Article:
After looking around on the internet I found a few forum posts asking about the same thing, "should I do a PhD to get into Med Comms?”. Most people said no not necessarily. But as far as I could tell, all of them did have PhD’s and were just telling people well maybe yes and maybe no.
Since getting a job as an associate medical writer without a PhD, I've heard a lot more of this conversation occurring within the industry and especially at careers fairs. A lot of people do have PhD’s and quite often post-doctoral experience. But that is normally because they started out in academia and then discovered medical writing, not because they thought that experience would help them get into medical writing.
I recognise that my position is not common, I proactively went to an employer that happened to be thinking about taking on junior staff. I also advertised my CV on some job sites and I was later contacted by a few agencies. Some thought a PhD might be useful and some didn’t, so don’t be disheartened if one company says no.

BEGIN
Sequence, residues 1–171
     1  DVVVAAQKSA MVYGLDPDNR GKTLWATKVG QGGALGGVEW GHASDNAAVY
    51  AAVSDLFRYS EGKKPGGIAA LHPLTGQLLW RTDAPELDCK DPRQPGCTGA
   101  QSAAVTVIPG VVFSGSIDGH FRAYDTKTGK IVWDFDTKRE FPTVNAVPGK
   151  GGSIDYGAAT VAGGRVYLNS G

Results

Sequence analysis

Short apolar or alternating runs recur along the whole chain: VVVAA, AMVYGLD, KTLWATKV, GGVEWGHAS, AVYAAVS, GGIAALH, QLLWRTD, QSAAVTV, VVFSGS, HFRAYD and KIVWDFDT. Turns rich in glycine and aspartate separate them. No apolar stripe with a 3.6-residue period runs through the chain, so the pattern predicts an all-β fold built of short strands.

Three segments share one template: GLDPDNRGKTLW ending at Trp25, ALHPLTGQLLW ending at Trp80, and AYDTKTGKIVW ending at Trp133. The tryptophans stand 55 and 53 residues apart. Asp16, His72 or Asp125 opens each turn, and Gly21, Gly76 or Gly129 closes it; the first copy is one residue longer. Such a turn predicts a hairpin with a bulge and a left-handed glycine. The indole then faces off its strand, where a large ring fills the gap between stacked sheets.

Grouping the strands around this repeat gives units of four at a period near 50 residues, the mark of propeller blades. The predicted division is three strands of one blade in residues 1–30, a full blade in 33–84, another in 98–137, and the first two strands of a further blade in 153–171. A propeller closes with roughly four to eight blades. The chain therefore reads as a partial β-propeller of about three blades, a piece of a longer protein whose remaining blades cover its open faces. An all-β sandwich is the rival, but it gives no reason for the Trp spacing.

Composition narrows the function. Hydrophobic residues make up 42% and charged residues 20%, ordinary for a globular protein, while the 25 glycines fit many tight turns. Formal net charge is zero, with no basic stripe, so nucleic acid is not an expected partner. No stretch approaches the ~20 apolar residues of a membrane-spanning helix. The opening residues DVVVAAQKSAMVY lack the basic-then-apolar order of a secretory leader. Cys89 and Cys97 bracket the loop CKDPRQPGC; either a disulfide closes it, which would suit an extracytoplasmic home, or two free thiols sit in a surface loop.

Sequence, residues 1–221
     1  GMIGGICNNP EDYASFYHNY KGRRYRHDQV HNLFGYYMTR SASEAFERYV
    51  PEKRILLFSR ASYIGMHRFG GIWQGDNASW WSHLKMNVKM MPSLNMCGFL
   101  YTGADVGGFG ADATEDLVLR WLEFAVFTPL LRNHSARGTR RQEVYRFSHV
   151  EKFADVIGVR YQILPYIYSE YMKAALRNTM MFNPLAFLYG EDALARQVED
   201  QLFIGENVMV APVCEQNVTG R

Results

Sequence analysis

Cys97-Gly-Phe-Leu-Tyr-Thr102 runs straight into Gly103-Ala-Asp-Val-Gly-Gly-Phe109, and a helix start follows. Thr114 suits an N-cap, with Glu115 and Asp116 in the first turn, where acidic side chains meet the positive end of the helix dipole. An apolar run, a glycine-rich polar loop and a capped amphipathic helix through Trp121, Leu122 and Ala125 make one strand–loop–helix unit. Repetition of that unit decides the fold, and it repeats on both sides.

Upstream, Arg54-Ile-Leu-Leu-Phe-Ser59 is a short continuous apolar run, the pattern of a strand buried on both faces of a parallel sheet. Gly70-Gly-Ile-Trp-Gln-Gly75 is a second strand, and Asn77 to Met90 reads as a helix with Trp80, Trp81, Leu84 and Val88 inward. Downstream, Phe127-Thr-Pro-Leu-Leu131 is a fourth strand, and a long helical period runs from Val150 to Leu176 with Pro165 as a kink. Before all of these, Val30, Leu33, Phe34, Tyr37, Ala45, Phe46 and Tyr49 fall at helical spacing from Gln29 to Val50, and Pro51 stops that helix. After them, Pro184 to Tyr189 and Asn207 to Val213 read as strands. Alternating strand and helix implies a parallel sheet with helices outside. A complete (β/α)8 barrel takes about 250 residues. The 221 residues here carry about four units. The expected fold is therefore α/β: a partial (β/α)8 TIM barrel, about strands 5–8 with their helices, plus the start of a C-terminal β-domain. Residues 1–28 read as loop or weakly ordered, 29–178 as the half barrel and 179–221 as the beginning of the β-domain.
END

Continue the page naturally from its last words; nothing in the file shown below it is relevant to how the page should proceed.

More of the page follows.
As far as I have learned, moving up to more senior positions will not be hampered by not having a PhD either, as the skill set of an academic is somewhat different to that of a medical writer (although not entirely).
Getting that first job is what counts; you can gain far more relevant experience from working within the industry than in academia
I think that doing some science blogging may have helped me to get the position by demonstrating an interest in writing about science and anything that showed interest, capability and initiative is going to help you stand out from the crowd.
My advice to anyone thinking about this line of work would be to talk to potential employers and see whether you would be a good match in terms of culture, major therapy areas, the role that you can expect to take up etc etc. Remember these people want to see potential in their junior staff, someone they can sculpt into a successful writer at their company.
In my opinion, going through the stress of getting a PhD if you don’t want a job that requires one is an option to avoid. If you can get a foothold in the career that you want to end up in and gain some relevant experience, then that would be the obvious choice to me.
Feel free to leave any questions in a comment below and I’d be happy to talk about this in greater depth.